One of the most closely watched Congressional races this year will be the newly created 6th Congressional District in Queens, where three Democrats are already running, and on Monday, Republican City Councilman Dan Halloran officially joined the fray. NY1's Bobby Cuza filed the following report.
It can be lonely being a Republican in New York. There are only after all two Republican Congressman representing the city. But the GOP got behind City Councilman Dan Halloran, believing he could be the next one. Flushing, Queens
"This is a gentleman who knows how to forge solutions. He's principled, he's hard-working, he's got guts," said former Congressman Rick Lazio.
On Monday in Flushing, Queens, Halloran officially kicked off his campaign for the seat held by the retiring Gary Ackerman, whose district has been redrawn. It is now entirely in Queens and is almost 40 percent Asian.
"We are in this to win it," Halloran said.
On the Democratic side, Assemblywoman Grace Meng has the backing of county leaders, but faces a primary challenge from Assemblyman Rory Lancman and City Councilwoman Elizabeth Crowley.
Halloran, who is not expected to face a primary, said ethnicity should not be a factor.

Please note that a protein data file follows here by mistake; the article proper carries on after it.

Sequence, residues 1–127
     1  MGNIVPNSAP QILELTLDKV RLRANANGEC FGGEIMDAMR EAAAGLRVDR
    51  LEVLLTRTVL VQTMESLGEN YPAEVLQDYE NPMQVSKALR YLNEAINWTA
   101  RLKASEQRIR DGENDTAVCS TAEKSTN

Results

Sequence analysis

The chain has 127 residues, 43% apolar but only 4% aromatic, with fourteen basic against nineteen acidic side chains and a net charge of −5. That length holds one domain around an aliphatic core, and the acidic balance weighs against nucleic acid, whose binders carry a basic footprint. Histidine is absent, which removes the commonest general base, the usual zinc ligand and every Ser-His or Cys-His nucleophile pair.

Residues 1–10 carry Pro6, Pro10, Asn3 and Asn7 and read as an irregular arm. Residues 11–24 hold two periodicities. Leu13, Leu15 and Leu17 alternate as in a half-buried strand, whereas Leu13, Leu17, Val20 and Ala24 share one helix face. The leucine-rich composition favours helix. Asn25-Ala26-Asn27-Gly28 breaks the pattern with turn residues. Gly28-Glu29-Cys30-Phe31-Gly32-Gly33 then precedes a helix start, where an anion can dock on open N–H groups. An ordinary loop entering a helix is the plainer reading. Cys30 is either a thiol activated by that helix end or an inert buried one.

"I think it's high time we all starting asking the question, who's going to make the best representative, not whether the representative is Jewish or Catholic or white or Asian," he said.
Halloran has defeated an Asian-American candidate before, winning a bruising City Council race in 2009 against Democrat Kevin Kim, when Halloran's pagan religion was made a campaign issue, something he made veiled reference to Monday.
"It's time to talk about our values in our community, and remember that God is part of the equation, however we see him," said Halloran. "This race will not be distracted by non-issues at any time."
While the Democrats in the race were already hitting Halloran Monday on issues like women's reproductive rights, he zeroed in on three issues: jobs, the defense of Israel and high gas prices.
"It's time for a real change. It's time to send citizen politicians to Washington, not career ones," Halloran said.
The three Democrats in this race will battle it out in a primary on June 26, with the winner moving on to face Halloran in the general election this November.